Imagine I’ve just been made supreme chancellor of a graduate program in Mormon theology.
Thousands of students throng. We need a syllabus. What’s our first reading assignment?
We’re going to start with Jim Faulconer’s dramatically subtitled essay “Rethinking Theology: The Shadow of the Apocalypse” from Faith, Philosophy, Scripture (Maxwell Institute, 2010).
On my reading, Jim’s essay lays out a couple of basic principles for engaging in theology as quasi-academic meta-reflection on Mormonism:
1. Theology should be “apocalyptic.”
Apocalypse does not so much refer to the end of the world . . . as it refers to the moment when the nearness of the kingdom of God is revealed to the believer and the believer’s life is oriented by that kingdom rather than by the world. To hear the gospel preached is to experience a type or shadow of the Apocalypse” (110)
Our theology must be a figure of the Apocalypse, a theology that reveals God himself, even if only as a figure, rather than revealing only our understanding of him. (113)
In an “apocalyptic” theology,
the challenge is not to think another world or to think other than the world. It is not to create a Platonic metaphysics. The challenge is to think our being-in-the-world differently, to think it as directed toward God by his self-revelation in the world. (119)
2. Theology should confess its foolishness before God.
If our theology is to be apocalyptic, it must demonstrate its foolishness before God in some way. (124)
Theology is not only a matter of going beyond learning through testimony and covenant, though it is that. It is also a matter of remaining a fool before God in knowledge. (123)
In particular, theology should be willing to confess that truth, in general, may not be the neat, tidy, and transparently “rational” thing that we would often prefer it to be.
I believe that most of us who do theology or some informal version of it assume that God’s knowledge is a systematic whole, and that he reveals parts of that whole over time, gradually revealing more and more of it. If so, then those who think that way assume that, using the part of the whole that has been revealed so far, they can tentatively speculate as to the systematic whole that stands behind the part. However, as reasonable as that may seem, I think it is mistaken. (115)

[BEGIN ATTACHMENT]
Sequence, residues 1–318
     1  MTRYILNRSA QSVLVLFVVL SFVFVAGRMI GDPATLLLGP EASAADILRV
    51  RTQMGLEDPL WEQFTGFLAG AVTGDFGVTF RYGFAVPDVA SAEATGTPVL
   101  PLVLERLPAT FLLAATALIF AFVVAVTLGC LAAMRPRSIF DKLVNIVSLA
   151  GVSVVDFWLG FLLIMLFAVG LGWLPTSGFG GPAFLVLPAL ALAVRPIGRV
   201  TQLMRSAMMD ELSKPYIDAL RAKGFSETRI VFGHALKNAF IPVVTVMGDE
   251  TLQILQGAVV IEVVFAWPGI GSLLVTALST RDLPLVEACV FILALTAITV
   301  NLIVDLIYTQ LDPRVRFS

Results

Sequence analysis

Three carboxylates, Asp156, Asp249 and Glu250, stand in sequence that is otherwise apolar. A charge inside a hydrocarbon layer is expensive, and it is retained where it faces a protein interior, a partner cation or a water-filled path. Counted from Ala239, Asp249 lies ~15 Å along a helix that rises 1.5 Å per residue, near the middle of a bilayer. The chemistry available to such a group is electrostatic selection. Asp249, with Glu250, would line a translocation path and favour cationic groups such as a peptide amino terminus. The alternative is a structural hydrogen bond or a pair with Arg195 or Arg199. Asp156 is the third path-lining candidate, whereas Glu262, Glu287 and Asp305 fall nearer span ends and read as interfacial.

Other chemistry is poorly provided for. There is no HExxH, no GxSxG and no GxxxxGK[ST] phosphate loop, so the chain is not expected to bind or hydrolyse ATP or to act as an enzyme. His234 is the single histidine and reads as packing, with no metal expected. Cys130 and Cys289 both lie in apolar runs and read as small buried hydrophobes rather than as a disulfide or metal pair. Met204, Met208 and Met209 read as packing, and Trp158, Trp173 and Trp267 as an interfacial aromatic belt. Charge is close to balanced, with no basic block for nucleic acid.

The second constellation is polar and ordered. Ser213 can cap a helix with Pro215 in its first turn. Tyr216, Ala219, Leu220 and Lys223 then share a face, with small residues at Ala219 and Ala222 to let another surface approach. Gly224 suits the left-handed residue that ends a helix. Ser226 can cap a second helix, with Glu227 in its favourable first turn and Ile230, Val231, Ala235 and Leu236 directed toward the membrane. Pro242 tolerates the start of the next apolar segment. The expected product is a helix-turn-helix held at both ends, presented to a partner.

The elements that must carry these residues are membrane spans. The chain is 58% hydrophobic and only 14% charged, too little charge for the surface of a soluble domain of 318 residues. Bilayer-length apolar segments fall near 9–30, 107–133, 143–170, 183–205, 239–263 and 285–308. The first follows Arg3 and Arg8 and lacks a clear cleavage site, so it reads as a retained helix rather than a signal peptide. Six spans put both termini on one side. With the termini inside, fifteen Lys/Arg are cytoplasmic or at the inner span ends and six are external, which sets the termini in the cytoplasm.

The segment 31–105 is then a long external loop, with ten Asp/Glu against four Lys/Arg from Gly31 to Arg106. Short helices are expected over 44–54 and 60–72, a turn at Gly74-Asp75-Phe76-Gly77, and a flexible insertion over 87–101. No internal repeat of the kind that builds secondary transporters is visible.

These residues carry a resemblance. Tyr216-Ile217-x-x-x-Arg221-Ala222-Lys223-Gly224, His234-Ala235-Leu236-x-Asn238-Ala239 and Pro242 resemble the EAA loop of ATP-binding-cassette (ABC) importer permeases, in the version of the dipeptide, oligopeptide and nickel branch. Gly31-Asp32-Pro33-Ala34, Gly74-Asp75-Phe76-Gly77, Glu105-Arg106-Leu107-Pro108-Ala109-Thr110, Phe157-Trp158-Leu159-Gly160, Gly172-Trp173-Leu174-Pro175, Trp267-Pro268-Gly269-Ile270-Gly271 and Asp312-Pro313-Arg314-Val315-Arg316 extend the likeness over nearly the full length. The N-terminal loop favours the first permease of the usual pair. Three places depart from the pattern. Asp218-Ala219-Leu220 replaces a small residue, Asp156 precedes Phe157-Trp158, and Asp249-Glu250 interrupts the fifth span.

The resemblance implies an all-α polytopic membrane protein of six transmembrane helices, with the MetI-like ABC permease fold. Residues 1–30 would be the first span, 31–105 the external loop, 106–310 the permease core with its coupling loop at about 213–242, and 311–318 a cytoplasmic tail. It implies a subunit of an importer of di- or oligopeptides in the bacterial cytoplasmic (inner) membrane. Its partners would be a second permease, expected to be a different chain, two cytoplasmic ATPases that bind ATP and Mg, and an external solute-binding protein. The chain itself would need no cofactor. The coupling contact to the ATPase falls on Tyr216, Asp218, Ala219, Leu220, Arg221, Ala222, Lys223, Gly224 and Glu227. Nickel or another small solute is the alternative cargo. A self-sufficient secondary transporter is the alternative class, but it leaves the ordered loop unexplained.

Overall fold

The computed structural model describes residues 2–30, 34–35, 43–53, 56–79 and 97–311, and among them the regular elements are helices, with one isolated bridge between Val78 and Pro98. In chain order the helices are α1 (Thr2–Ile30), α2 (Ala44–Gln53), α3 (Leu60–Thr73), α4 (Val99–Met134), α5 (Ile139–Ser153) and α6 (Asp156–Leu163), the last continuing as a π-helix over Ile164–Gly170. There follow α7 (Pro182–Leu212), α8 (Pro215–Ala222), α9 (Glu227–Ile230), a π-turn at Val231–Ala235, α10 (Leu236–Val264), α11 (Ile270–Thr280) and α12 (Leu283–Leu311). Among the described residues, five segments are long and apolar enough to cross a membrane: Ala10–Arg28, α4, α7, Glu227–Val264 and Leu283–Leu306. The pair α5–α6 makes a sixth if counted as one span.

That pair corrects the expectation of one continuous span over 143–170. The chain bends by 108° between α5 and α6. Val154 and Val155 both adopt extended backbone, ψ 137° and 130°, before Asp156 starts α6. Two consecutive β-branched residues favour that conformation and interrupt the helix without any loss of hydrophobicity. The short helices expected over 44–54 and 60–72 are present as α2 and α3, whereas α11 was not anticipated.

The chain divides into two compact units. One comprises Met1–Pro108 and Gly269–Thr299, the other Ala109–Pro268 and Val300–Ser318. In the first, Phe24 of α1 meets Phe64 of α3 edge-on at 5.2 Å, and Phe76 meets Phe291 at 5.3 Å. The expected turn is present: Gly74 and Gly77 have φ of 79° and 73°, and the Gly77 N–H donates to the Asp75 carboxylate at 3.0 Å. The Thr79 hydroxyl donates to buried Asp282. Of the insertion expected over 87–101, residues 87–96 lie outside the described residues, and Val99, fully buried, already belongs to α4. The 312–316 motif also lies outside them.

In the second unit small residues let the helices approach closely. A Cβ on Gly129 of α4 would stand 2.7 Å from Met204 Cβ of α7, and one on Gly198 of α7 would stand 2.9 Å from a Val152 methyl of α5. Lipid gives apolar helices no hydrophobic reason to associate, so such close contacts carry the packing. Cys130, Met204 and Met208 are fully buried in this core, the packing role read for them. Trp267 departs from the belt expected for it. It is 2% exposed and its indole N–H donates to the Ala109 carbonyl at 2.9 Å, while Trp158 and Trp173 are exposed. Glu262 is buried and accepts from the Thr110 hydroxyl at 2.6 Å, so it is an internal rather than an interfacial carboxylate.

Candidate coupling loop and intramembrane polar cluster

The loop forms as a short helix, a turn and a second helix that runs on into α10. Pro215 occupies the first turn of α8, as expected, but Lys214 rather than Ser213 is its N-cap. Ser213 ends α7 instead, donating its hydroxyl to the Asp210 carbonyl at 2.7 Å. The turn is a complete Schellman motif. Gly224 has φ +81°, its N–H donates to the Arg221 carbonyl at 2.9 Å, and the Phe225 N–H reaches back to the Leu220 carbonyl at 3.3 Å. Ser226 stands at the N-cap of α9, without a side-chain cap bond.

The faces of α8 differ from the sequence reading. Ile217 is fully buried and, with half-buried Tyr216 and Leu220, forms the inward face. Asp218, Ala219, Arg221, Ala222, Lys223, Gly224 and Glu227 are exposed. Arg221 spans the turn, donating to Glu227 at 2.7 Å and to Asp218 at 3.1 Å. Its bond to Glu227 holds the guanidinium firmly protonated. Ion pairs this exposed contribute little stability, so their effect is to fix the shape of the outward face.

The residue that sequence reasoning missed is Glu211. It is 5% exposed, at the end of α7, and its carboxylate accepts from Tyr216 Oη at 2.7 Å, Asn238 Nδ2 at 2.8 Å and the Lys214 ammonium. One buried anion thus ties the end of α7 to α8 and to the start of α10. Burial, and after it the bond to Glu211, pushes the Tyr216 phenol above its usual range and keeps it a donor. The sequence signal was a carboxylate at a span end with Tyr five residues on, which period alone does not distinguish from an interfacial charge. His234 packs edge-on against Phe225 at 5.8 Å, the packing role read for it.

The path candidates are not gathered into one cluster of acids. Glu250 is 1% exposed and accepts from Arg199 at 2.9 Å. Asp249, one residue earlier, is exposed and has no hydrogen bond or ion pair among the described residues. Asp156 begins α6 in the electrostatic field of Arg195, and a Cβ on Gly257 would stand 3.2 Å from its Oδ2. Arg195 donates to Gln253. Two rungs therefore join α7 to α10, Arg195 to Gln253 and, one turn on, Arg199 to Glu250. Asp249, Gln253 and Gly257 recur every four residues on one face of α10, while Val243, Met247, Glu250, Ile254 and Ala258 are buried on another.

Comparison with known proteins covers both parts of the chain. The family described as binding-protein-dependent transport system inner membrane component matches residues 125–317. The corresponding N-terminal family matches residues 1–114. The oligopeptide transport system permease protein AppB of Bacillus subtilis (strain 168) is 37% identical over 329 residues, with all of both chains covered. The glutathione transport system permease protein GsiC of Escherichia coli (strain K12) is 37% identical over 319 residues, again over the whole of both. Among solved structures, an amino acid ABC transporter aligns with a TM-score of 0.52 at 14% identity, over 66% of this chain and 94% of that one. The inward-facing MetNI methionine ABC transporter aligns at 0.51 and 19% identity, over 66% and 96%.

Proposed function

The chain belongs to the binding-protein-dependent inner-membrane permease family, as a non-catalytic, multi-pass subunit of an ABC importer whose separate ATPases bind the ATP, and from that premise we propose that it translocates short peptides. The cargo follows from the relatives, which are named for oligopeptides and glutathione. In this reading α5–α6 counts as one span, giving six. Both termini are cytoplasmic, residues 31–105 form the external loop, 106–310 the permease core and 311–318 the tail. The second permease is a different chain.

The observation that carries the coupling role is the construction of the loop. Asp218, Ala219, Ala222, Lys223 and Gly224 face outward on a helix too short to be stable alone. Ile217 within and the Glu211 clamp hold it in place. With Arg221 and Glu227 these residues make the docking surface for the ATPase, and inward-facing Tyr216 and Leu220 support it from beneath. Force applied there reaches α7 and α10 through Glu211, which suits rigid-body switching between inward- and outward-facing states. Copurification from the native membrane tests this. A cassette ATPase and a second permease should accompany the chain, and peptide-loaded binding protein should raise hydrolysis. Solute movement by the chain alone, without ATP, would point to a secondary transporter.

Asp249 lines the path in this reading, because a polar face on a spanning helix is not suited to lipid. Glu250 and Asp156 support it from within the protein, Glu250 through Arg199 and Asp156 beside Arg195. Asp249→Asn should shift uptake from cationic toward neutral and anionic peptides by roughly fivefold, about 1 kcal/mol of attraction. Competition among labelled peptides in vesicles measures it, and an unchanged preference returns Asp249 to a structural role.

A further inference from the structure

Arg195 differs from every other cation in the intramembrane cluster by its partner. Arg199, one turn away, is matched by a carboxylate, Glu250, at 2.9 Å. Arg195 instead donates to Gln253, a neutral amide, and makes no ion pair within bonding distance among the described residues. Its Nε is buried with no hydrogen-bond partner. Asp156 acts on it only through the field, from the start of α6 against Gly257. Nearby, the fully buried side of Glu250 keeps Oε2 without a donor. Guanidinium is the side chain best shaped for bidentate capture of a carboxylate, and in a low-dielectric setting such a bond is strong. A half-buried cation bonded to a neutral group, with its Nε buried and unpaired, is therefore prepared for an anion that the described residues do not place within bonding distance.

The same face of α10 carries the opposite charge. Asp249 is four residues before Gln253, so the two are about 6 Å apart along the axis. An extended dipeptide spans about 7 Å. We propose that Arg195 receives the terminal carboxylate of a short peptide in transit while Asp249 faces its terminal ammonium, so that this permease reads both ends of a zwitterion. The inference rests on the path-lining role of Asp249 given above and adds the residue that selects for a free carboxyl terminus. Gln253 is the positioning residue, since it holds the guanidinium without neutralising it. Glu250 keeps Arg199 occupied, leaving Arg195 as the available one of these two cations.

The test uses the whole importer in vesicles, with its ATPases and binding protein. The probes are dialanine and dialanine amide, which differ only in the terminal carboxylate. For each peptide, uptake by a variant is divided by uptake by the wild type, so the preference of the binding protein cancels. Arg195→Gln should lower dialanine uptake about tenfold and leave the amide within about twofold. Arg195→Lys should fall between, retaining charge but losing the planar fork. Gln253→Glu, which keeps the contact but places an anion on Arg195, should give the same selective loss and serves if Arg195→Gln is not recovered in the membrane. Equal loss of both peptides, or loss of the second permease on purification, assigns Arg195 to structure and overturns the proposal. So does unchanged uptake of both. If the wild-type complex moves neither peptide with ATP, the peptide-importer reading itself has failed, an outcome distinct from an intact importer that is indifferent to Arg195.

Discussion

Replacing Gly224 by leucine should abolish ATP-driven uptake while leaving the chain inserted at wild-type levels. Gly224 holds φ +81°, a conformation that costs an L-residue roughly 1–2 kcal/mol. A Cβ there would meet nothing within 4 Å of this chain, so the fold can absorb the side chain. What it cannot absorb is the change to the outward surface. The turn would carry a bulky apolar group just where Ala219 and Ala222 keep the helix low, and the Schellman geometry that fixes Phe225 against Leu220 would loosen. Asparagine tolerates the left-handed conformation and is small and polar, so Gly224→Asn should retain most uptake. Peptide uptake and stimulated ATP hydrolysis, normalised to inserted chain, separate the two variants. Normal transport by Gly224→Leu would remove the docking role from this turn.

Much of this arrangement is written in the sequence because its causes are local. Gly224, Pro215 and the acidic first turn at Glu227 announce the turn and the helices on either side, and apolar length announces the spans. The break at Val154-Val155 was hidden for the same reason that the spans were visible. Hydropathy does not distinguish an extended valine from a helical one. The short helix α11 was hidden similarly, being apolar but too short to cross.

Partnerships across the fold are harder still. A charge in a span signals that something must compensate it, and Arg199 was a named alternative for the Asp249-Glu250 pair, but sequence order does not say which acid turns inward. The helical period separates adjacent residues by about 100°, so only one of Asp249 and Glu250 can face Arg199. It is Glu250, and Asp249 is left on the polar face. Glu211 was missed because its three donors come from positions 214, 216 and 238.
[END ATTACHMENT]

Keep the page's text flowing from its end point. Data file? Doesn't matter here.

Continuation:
For one thing, to claim that our speculations are concerned with an eternal, rational system of truths that God reveals to us over time assumes that knowledge is fundamentally and essentially systematic and rational . . . . But much of twentieth-century philosophy . . . has made that assumption about the character of knowledge dubious, each in different ways. It is questionable whether it makes sense to believe that there is an eternally existing set of systematically related fundamental truths expressed at least in part in our accurate understanding of things. Indeed, I believe that most who have dealt with the question carefully have concluded that the notion is rationally incoherent. But it does not follow from that rejection of an eternal, static realm of truth that is metaphysically prior to or beyond this world that there is neither truth, nor that there is no eternal truth. Indeed, the revealed truth that God is embodied and, so, within the cosmos in some way rather than metaphysically apart from it, suggests that the realm of truth is metaphysically prior to the cosmos within which human beings find themselves. Instead the truth is part of the cosmos, perhaps as its happening. We can reject the Enlightenment formulation of truth (a formulation that continues to use the traditional God as its model even if it sometimes rejects his existence) without rejecting truth itself. (115-117)
3. And, perhaps most importantly for a Mormon thinker, theology should be undertaken as “a kind of prayer” (134).